A large collection of DNA fragments cloned (CLONING, MOLECULAR) from a given organism, tissue, organ, or cell type. It may contain complete genomic sequences (GENOMIC LIBRARY) or complementary DNA sequences, the latter being formed from messenger RNA and lacking intron sequences.
The sequential correspondence of nucleotides in one nucleic acid molecule with those of another nucleic acid molecule. Sequence homology is an indication of the genetic relatedness of different organisms and gene function.
A group of enzymes that catalyzes the hydrolysis of terminal, non-reducing beta-D-galactose residues in beta-galactosides. Deficiency of beta-Galactosidase A1 may cause GANGLIOSIDOSIS, GM1.
Proteins whose abnormal expression (gain or loss) are associated with the development, growth, or progression of NEOPLASMS. Some neoplasm proteins are tumor antigens (ANTIGENS, NEOPLASM), i.e. they induce an immune reaction to their tumor. Many neoplasm proteins have been characterized and are used as tumor markers (BIOMARKERS, TUMOR) when they are detectable in cells and body fluids as monitors for the presence or growth of tumors. Abnormal expression of ONCOGENE PROTEINS is involved in neoplastic transformation, whereas the loss of expression of TUMOR SUPPRESSOR PROTEINS is involved with the loss of growth control and progression of the neoplasm.
The intracellular transfer of information (biological activation/inhibition) through a signal pathway. In each signal transduction system, an activation/inhibition signal from a biologically active molecule (hormone, neurotransmitter) is mediated via the coupling of a receptor/enzyme to a second messenger system or to an ion channel. Signal transduction plays an important role in activating cellular functions, cell differentiation, and cell proliferation. Examples of signal transduction systems are the GAMMA-AMINOBUTYRIC ACID-postsynaptic receptor-calcium ion channel system, the receptor-mediated T-cell activation pathway, and the receptor-mediated activation of phospholipases. Those coupled to membrane depolarization or intracellular release of calcium include the receptor-mediated activation of cytotoxic functions in granulocytes and the synaptic potentiation of protein kinase activation. Some signal transduction pathways may be part of larger signal transduction pathways; for example, protein kinase activation is part of the platelet activation signal pathway.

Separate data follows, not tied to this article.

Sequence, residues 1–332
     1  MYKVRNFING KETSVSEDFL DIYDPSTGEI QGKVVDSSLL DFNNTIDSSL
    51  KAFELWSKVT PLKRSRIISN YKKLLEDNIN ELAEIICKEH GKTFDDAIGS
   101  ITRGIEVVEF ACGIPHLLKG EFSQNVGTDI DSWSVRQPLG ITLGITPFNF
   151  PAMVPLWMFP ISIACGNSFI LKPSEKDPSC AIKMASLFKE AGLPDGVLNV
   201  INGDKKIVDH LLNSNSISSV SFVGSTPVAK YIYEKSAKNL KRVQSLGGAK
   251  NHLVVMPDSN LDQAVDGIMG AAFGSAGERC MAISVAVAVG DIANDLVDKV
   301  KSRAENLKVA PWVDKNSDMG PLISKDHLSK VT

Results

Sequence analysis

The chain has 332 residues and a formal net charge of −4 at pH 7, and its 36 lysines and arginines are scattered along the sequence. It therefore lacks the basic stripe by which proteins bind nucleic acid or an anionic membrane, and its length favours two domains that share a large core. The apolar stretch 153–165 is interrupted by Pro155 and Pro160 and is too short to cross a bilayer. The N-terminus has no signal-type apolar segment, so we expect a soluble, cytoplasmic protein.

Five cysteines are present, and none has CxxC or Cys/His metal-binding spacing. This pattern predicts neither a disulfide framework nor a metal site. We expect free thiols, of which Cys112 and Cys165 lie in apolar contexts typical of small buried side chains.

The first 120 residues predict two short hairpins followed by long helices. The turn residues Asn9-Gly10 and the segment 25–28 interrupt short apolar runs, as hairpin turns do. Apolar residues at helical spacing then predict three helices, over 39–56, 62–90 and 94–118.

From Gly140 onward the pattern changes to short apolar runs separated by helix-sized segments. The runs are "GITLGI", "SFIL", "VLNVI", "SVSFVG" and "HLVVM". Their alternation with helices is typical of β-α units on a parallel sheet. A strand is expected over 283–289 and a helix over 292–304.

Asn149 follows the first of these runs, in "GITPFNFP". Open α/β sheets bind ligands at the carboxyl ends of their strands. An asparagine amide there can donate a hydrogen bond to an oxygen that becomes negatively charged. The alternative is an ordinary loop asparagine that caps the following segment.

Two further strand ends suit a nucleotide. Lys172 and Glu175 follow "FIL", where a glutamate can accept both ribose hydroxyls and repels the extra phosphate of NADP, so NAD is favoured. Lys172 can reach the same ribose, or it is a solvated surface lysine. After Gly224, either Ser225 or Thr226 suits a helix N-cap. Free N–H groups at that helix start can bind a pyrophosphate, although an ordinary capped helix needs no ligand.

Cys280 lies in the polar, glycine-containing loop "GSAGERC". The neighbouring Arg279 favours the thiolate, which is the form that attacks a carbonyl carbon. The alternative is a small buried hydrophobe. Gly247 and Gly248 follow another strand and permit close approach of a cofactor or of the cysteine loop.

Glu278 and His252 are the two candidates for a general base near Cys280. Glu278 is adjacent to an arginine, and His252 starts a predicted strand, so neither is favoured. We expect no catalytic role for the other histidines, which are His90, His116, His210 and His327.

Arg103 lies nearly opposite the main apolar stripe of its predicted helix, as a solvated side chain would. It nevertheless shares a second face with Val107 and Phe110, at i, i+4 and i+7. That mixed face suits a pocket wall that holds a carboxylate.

The organ of sight constituting a pair of globular organs made up of a three-layered roughly spherical structure specialized for receiving and responding to light.
Relatively undifferentiated cells that retain the ability to divide and proliferate throughout postnatal life to provide progenitor cells that can differentiate into specialized cells.
Proteins that originate from plants species belonging to the genus ARABIDOPSIS. The most intensely studied species of Arabidopsis, Arabidopsis thaliana, is commonly used in laboratory experiments.
Enzymes that oxidize certain LUMINESCENT AGENTS to emit light (PHYSICAL LUMINESCENCE). The luciferases from different organisms have evolved differently so have different structures and substrates.
Serologic tests in which a positive reaction manifested by visible CHEMICAL PRECIPITATION occurs when a soluble ANTIGEN reacts with its precipitins, i.e., ANTIBODIES that can form a precipitate.
A proto-oncogene protein and member of the Wnt family of proteins. It is expressed in the caudal MIDBRAIN and is essential for proper development of the entire mid-/hindbrain region.
Any of the processes by which nuclear, cytoplasmic, or intercellular factors influence the differential control of gene action in plants.
The first continuously cultured human malignant CELL LINE, derived from the cervical carcinoma of Henrietta Lacks. These cells are used for VIRUS CULTIVATION and antitumor drug screening assays.
A plant genus of the family BRASSICACEAE that contains ARABIDOPSIS PROTEINS and MADS DOMAIN PROTEINS. The species A. thaliana is used for experiments in classical plant genetics as well as molecular genetic studies in plant physiology, biochemistry, and development.
A transferase that catalyzes the addition of aliphatic, aromatic, or heterocyclic FREE RADICALS as well as EPOXIDES and arene oxides to GLUTATHIONE. Addition takes place at the SULFUR. It also catalyzes the reduction of polyol nitrate by glutathione to polyol and nitrite.
An aquatic genus of the family, Pipidae, occurring in Africa and distinguished by having black horny claws on three inner hind toes.
Commonly observed structural components of proteins formed by simple combinations of adjacent secondary structures. A commonly observed structure may be composed of a CONSERVED SEQUENCE which can be represented by a CONSENSUS SEQUENCE.
The anterior subdivision of the embryonic PROSENCEPHALON or the corresponding part of the adult prosencephalon that includes the cerebrum and associated structures.
A cylindrical column of tissue that lies within the vertebral canal. It is composed of WHITE MATTER and GRAY MATTER.